Learn a joke in another language



To celebrate National Humor Month, let’s tell some jokes!

A good punchline is one of the hardest things to understand when studying a foreign language. Whether watching a movie, a TV program or reading about current events, humor constitutes a real challenge.  This is because humor relies on puns, turns of phrases and surprises. It demands a quick understanding of the language and the small changes that can affect meaning. But like everything, practice makes perfect! So let’s get started by learning some jokes in different languages.

Brazilian Portuguese

In Brazil a very common variant of the American knock knock joke starts with: O que é? O que é? (literally What is it? What is it?)

O que é? O que é que cai de pé e corre deitado? (What is it? What is it that falls on its feet and runs lying down?)
Answer: Chuva (rain)

O que é? O que é que é surdo e mudo mas conta tudo? (What is deaf and mute but tells it all?)
Resposta: O livro (a book)

O que é? O que é que é que se quebra quando se fala? (What breaks once it is told?)
Resposta: Um segredo (a secret)

Heare are some more so-called “adivinhas” (guesses).

Chinese

The teacher asked Ming to use the word “sugar” to make a sentence.
(老师要小明用“糖”造个句子。)
Ming wrote, “I have a cup of tea.”
(小明写着,“我有一杯茶。”)
The teacher asked, “Where is the sugar?”
(老师问,“糖在哪?”)
Ming, “In the tea.”
(小明,“在茶里。”)
Teacher, “……..”
(老师,“……….”)

Japanese

足の早い奴
A: おーい、てぇへんだぁてぇへんだぁ。
B: おおい、どうしたんでぇ。
A: あ、兄ぃね、俺、今、泥棒を追っかけてるんだ。
B: 泥棒、へへ、お前に追っかけられた泥棒も災難だな、なにしろ、お前は町内で一番足が早いんだ、泥棒なんざすぐに捕まっちまうだろう、で、泥棒はどっちへ逃げた。
A: は、は、今、後から来る。

Fast Runner
A: Somebody! Somebody!
B: What’s the matter?
A: I’m chasing a thief!
B: Bad luck for the thief! You’re the fastest runner in town. You’ll catch him in no time. So which way did he go?
A: Uh… he’s coming right after me.

Spanish

The word for joke in Spanish is “chiste“.

Jaimito is a popular fictional character, used in a lot of Spanish jokes. Jaimito (lit. Little Jaime) is a trouble maker in school:

In English class….
Maestra, ¿qué quiere decir «why»? (Teacher, What does it mean «why»?)
¿Por qué?, responde la maestra. (The teacher replies “Por qué”, for instance “why” in English.)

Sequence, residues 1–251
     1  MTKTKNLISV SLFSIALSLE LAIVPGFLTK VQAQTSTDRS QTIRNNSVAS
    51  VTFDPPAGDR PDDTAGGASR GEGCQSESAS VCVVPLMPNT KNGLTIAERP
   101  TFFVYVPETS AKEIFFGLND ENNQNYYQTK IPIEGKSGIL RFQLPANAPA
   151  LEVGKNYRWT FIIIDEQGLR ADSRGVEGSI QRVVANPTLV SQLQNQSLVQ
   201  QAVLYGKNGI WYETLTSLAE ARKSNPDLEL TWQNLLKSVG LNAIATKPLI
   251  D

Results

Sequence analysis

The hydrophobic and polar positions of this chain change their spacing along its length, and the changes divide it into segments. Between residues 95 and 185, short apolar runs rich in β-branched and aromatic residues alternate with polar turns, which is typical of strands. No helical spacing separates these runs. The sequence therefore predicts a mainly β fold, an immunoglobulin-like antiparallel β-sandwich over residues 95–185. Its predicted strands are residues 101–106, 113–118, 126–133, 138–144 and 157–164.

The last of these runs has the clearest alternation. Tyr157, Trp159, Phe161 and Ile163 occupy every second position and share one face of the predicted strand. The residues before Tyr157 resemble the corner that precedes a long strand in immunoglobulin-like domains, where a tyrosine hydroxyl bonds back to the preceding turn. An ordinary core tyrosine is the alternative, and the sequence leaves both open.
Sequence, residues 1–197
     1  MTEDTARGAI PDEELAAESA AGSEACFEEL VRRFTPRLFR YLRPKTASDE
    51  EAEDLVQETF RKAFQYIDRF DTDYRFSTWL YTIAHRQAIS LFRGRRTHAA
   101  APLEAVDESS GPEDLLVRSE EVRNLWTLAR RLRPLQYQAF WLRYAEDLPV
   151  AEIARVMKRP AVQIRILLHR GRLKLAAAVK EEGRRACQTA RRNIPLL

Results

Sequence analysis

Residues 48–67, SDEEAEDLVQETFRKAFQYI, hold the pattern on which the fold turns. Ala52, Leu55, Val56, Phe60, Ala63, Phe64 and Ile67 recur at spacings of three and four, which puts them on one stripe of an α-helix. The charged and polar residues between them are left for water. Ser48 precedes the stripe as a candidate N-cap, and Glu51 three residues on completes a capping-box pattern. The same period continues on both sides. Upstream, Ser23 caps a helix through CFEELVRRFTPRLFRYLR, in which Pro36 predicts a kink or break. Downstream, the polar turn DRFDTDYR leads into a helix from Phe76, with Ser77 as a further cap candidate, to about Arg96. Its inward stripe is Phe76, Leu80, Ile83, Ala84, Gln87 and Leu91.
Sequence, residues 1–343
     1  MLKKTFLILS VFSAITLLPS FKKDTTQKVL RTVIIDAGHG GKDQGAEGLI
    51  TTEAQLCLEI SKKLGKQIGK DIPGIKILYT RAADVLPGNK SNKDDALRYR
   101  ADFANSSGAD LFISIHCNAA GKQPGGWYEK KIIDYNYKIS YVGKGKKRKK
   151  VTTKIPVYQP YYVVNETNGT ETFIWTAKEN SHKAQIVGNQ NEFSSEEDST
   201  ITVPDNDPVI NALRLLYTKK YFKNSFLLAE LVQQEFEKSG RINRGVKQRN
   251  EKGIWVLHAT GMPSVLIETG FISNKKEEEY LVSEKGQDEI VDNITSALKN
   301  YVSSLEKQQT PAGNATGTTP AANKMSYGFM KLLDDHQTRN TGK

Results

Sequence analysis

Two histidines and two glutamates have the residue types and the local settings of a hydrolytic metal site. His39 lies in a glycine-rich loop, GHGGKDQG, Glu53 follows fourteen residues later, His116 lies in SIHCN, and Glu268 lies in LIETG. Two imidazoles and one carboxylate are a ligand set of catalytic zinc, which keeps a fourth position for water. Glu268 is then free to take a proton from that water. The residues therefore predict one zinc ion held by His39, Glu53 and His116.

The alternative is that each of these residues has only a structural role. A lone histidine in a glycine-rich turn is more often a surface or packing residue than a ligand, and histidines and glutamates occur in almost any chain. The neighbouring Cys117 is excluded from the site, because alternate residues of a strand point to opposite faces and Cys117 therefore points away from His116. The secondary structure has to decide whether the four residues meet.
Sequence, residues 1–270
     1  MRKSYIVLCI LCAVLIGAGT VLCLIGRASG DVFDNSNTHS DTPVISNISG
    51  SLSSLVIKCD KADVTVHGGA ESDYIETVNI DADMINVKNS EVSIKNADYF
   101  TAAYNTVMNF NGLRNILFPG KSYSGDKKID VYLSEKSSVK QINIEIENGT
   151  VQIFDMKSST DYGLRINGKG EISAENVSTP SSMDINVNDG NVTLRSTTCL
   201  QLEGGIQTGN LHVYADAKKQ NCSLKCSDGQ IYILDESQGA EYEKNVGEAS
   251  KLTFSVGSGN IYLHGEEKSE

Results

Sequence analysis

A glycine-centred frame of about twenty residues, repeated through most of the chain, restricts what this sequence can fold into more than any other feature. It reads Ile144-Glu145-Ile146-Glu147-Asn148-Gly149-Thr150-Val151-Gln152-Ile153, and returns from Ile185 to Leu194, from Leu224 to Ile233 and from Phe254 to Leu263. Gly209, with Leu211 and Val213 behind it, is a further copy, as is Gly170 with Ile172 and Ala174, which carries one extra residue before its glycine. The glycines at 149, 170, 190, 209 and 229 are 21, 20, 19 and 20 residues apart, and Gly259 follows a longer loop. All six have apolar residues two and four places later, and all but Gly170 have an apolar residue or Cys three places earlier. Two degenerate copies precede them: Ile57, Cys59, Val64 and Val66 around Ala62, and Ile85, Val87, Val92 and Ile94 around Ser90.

Por saberlo. (Jaimito replies again. Justo to know it.)

Maestra, ¿qué quiere decir «nothing»? (Teacher, What does it mean «nothing»?)
Nada, responde la maestra. (The teacher replies “Nada”, for instance “nothing” in English.)
Algo querrá decir, ¿no? (Jaimito replies again. Well, it has to mean something, right?)

Lepe, is a small village in South of Spain that is famous in the country for being the subject of innumerable Spanish ‘Irishman’ jokes. There are many funny jokes about this unfortunate town in Andalusia…

¿Por qué no hay leche fría en Lepe? Porque no les cabe la vaca en la nevera.
(Why in Lepe there isn’t fresh cold milk? Because they cannot fit the cow inside the fridge.)

¿Por qué los de Lepe toman su cuarto café en vaso? Porque el doctor les ha dicho que tomar más de tres tazas es peligroso.
(Why in Lepe they take their fourth coffee in a glass? Because the doctor said that more than three cups are dangerous.)

French

Coluche was one of the most popular, talented (and irreverent) French comedians. Here are some of his blagues (jokes):

La moitié des hommes politiques sont des bons à rien. Les autres sont prêts à tout.” (Half of the politicians are good for nothing. Others are ready for anything.)

Technocrates, c’est les mecs que, quand tu leur poses une question, une fois qu’ils ont fini de répondre, tu comprends plus la question que t’as posée !” (Technocrats are guys, when you ask them a question, once they have finished answering, you can’t understand the question you have asked anymore!)

La politique, c’est pas compliqué, il suffit d’avoir une bonne conscience, et pour cela il faut juste avoir une mauvaise mémoire !” (Politics is not complicated, you just need to have a good conscience, and for that you just need to have a bad memory!)

Le plus dur pour les hommes politiques, c’est d’avoir la mémoire qu’il faut pour se souvenir de ce qu’il ne faut pas dire.” (The hardest thing for politicians is to have the memory needed to remember what not to say.)

La dictature, c’est “ferme ta gueule” et la démocratie c’est “cause toujours”. (The dictatorship is “shut your mouth” and democracy is “keep on talking”)

“Ca fait beaucoup marrer les gens de voir qu’on peut se moquer de la politique, alors que, dans l’ensemble, c’est surtout la politique qui se moque de nous.” (A lot of people laugh to see that you can mock politics, whereas in general, it’s mostly politics that mocks us.)

Here is a video of Coluche (French subtitles!)

Arabic

Juha, Goha, Mulla, and Nasruddin are different names for a humorous figure who features in anecdotes in many Middle Eastern societies. There are thousands of these jokes, with new ones appearing all the time. His stories often represent deep wisdom in the garb of irony. Just as the main character has many names, these jokes are told in many languages spoken among Middle Easterners, including Arabic, Turkish, and Persian. Here is a famous Juha joke:

في يوم  من الأيام أضاع جحا حماره، بدأ يركض حول البلدة للبحث عنه إنما لم يستطع العثور عليه في أي مكان. بينما هو يفتش عنه كان يصرخ طوال الوقت، الحمد الله، الحمد لله

فوجىء سكان البلدة بما يحصل مع جحا فسُئِل عن سبب قوله الحمد لله و هو في مصيبة كبيرة. رد عليهم جحا و هو غير مصدق البال و أخبرهم: انا أحمد الله و اشكره لأنني لو كنت على الحمار لكنت ضائع الآن لا محال

Juha once lost his donkey. He couldn’t find it anywhere. As he went around the town searching for it, he kept on saying, “Thanks be to Allah! Thanks be to Allah!”

People were surprised to find him giving thanks to Allah when he had lost his donkey. They asked him: “O Juha, why are you saying ‘Thanks be to Allah’ when you have lost your donkey? Surely that is not something to thank Allah for.”

“I am thanking Allah,” answered Juha, “because I was not riding it, or I too would be lost.”